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Setbacks don’t stop Mt. Lebanon senior Rengers |

Setbacks don’t stop Mt. Lebanon senior Rengers

Kyle Adams
| Friday, August 31, 2007 12:00 a.m

Mt. Lebanon’s Glenn Rengers has modest goals.

“One of them is to play the whole season,” he said. “I haven’t done that since ninth grade.”

Take into account his three knee surgeries and the serious eye injury that have limited his high school career to four games, and that goal seems a little loftier.

Rengers, a 5-foot-11, 175-pound senior, will play on special teams for Mt. Lebanon tonight when it opens the season at Woodland Hills. He could also play free safety, Mt. Lebanon coach Chris Haering said.

Rengers’ trials began in September 2005, the beginning of his sophomore year. He tore his right ACL and had reconstructive surgery. A year later he tore his left ACL, an injury that required two surgeries. Rengers attended physical therapy three times a week for five months. Still, he said he wasn’t initially bothered.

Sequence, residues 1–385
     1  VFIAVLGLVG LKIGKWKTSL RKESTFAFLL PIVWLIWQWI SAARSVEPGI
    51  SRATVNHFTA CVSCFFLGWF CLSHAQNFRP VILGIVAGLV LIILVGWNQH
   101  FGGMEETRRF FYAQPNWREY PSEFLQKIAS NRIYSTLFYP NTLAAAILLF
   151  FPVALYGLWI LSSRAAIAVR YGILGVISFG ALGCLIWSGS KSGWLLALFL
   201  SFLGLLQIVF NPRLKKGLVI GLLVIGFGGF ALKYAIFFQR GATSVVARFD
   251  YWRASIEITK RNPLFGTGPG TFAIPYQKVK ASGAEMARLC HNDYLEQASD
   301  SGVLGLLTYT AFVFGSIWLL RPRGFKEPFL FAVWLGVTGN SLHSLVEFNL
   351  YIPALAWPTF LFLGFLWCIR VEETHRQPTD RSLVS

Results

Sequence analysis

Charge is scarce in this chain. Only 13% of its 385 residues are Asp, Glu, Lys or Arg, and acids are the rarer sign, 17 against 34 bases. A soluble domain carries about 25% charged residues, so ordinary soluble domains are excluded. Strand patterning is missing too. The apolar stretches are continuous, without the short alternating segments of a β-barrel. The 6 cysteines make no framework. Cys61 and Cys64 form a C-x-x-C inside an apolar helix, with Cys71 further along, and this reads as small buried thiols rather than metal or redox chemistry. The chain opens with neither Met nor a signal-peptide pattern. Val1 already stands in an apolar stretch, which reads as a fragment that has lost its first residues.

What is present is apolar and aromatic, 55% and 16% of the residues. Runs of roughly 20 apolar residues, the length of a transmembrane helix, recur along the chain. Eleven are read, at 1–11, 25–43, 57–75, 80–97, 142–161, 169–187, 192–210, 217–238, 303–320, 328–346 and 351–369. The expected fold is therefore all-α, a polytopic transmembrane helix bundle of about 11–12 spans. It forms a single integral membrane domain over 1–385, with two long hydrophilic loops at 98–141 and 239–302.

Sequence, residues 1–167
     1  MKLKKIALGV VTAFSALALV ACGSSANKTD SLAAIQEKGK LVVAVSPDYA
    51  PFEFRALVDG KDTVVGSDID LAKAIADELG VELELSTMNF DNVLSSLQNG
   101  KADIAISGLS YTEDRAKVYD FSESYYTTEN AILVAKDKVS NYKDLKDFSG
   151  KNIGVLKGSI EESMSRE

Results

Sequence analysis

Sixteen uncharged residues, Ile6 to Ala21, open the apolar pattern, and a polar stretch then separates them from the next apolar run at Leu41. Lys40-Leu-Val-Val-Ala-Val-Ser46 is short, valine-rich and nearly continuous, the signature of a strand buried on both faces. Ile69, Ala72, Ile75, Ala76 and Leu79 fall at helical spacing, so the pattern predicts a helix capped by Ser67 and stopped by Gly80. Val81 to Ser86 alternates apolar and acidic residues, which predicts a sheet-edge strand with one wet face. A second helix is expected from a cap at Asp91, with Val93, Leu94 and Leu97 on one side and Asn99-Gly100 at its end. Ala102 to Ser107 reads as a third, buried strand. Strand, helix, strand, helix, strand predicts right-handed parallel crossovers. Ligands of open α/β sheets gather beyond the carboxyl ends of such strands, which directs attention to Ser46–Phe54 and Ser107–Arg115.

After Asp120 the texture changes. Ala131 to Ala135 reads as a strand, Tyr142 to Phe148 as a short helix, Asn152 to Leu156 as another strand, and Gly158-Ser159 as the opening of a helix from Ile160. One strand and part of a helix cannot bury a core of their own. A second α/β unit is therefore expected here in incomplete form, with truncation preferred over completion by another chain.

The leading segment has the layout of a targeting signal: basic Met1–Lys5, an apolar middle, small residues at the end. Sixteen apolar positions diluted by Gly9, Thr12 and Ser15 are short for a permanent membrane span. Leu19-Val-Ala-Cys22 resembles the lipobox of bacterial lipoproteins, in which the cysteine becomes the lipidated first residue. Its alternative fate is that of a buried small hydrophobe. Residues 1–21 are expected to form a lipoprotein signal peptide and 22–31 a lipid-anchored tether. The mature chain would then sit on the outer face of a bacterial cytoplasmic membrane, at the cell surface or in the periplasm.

“After the first time, I didn’t think it was that big of a deal,” he said. “After the second one I had to come back and prove to everyone that I could still play. Nobody expected me to come back after three surgeries.”

He did, and through it all, he said, he never thought about quitting. But his story doesn’t end there. Running a play during a practice last year, he caught a finger in his right eye, and it almost did more damage than two ACL tears ever could.

“I was playing cornerback, and the receiver came up to block me,” he said. “I pushed him over, and he tried to hit me in the chest, but his knuckle hit me right in the eye. It wasn’t really painful. I just couldn’t see.”

Haering insisted he go to the emergency room.

There, the doctor told Rengers that he nearly had an eye hemorrhage and would have been blind if he had not gone to the hospital immediately.

Heading into the season, though, he’s as healthy as can be expected. His vision is still blurred, and he still must ice his knees to ease the pain that accompanies any kind of athletic activity, but Rengers is still on the field.

“Glenn is a tough young man,” Haering said. “We think he’s been a tremendous inspiration to the rest of the guys on this team.”

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